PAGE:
Congregational Search Committees, along with ministers and other religious professionals starting a new position beginning in 2018, need to be aware of the suspension of two moving-related benefits in the Tax Cuts and Jobs Act of 2017. These two employee tax benefits have been suspended until 2026 when the individual tax provisions revert to the pre-2018 law.
Employer-Paid Moving Expenses
Congregations generally paid for all or most of the expenses related to the move of a new minister or other religious professional. Such qualified expenses included retaining a moving company or renting a truck, purchasing moving supplies, expenses incurred during the actual move (hotels and mileage, but not food), and temporary storage expenses.
Congregations and other employers may continue to pay for moving-related expenses, but such payments must be treated as taxable income through 2025, and reported on the employee's W2.
Since moving expenses can often total more than $10,000, the new employee will now owe income taxes on this amount as well as either FICA (non-ministers) or SECA (ministers). Congregations are encouraged to gross up the reimbursement amount to include the amount of estimated taxes. For ministers, the added tax burden will be 25-35 percent (depending upon tax bracket) of the reimbursement. So if a new minister insures $12,000 of qualified moving expenses, the congregation should consider reimbursing the minister about $15,000 (25% gross up) to $16,200 (35% gross up).
Unreimbursed Business Expenses
Employees could deduct qualified moving expenses for which the employee was not reimbursed. Since moving expenses sometimes exceeded the amount that congregations were able to reimburse, the new minister or other religious professional who moved to accept a new position could deduct the unreimbursed amount (to the extent they exceeded 2% of adjusted gross income) on Schedule A using Form 2106 - Employee Business Expenses.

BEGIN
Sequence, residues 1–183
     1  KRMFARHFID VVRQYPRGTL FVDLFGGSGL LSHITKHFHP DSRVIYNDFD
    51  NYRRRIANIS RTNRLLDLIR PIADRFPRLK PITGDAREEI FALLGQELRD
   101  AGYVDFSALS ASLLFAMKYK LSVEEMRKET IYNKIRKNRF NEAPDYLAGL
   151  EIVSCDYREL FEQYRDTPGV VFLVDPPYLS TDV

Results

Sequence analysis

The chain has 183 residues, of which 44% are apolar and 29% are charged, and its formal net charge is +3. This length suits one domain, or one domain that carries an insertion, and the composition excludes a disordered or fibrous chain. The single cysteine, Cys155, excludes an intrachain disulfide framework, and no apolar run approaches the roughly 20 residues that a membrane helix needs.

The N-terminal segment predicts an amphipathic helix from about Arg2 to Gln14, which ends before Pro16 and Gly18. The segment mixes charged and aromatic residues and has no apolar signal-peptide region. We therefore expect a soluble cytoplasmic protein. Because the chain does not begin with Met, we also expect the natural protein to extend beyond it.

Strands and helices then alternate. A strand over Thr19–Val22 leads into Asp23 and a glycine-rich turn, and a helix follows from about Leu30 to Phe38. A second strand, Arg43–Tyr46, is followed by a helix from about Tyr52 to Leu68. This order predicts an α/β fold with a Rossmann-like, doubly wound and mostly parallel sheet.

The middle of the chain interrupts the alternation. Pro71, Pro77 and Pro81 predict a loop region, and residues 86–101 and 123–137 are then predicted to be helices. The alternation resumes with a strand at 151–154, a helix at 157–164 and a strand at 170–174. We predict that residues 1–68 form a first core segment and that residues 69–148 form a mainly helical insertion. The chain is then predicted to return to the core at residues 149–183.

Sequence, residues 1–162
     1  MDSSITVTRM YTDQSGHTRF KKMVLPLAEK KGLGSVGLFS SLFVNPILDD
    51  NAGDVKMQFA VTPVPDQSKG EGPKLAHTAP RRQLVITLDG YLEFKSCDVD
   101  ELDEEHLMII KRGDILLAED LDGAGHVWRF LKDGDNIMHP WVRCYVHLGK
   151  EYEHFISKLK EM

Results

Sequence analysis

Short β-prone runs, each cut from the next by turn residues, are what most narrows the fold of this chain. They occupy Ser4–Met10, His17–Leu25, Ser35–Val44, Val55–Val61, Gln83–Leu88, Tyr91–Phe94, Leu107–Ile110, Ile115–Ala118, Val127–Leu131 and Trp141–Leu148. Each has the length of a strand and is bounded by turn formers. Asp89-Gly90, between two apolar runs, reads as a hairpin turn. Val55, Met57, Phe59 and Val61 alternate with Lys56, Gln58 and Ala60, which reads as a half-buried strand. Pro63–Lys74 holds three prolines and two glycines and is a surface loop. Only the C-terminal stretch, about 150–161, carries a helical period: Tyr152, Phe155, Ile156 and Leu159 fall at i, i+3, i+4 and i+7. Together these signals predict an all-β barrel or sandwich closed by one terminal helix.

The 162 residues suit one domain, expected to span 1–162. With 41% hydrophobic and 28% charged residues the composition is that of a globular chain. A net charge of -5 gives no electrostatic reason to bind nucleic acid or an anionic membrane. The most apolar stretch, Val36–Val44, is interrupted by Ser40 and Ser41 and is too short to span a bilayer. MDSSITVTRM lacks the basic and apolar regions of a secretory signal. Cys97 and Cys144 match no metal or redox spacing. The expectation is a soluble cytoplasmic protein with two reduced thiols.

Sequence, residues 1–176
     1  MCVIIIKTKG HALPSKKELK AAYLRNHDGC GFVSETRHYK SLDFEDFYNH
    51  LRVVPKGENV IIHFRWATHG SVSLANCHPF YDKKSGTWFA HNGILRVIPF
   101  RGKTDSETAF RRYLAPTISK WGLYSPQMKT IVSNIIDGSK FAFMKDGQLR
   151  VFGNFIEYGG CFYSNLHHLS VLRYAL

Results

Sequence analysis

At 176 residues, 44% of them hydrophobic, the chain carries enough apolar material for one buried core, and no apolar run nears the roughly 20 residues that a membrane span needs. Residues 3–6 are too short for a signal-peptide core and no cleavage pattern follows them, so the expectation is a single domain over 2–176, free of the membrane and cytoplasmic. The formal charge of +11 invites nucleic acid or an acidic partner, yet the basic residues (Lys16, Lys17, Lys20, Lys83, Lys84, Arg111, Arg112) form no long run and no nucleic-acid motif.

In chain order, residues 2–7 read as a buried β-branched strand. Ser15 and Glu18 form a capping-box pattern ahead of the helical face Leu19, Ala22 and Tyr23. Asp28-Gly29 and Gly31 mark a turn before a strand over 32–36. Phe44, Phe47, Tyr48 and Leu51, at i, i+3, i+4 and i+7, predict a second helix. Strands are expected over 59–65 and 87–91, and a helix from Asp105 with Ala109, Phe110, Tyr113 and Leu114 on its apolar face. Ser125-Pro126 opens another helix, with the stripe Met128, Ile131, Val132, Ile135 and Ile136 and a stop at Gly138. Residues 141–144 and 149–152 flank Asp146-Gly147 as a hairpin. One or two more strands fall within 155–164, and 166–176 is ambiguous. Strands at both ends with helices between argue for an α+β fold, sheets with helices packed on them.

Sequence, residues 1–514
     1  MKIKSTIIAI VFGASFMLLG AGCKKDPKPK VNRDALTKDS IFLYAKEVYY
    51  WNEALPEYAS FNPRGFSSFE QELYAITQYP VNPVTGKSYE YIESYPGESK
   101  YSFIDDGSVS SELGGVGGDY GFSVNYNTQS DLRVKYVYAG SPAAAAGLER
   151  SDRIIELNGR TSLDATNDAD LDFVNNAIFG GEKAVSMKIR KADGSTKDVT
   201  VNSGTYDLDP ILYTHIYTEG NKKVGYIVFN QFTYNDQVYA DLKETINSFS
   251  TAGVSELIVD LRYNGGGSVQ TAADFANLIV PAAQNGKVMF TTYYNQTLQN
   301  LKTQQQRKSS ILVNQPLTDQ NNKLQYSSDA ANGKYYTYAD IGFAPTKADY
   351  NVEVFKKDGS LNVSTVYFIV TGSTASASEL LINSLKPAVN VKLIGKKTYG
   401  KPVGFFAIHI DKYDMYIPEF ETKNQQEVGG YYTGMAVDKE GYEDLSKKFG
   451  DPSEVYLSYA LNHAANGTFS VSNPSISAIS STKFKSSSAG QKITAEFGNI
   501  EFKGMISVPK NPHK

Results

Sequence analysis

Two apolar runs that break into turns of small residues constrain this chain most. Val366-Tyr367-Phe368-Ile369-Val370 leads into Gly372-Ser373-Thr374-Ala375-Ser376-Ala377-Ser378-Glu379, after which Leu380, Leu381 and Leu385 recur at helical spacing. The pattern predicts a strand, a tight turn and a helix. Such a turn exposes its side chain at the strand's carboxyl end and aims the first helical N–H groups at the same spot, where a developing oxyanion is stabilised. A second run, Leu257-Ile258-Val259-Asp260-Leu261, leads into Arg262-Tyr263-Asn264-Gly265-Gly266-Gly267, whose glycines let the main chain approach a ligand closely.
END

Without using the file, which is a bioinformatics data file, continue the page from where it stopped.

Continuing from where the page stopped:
Employees are no longer allowed to deduct unreimbursed business expenses, including moving-related, from their adjusted gross income.
Since ministers and other congregational employees will no longer be able to deduct unreimbursed business expenses from their income, congregations are asked to make an extra effort to provide sufficient professional expenses to their professional staff members. The provision of professional expenses should be through an Accountable Reimbursement Plan. UUA Guidelines recommend the larger of 10% of salary (and housing for ministers) or $5,000 for full-time employees.
Ministers and other religious professionals in search need to be aware that any financial assistance provided by the congregation toward the cost of their move to the new community will now be taxable income. Search Committees need to be aware that additional taxes will be owed on the amount provided for moving expenses. This additional expense includes income taxes (approximately 20%) and FICA for non-ministers (7.65%) and Self-Employment Taxes (SECA) for ministers (15.3%).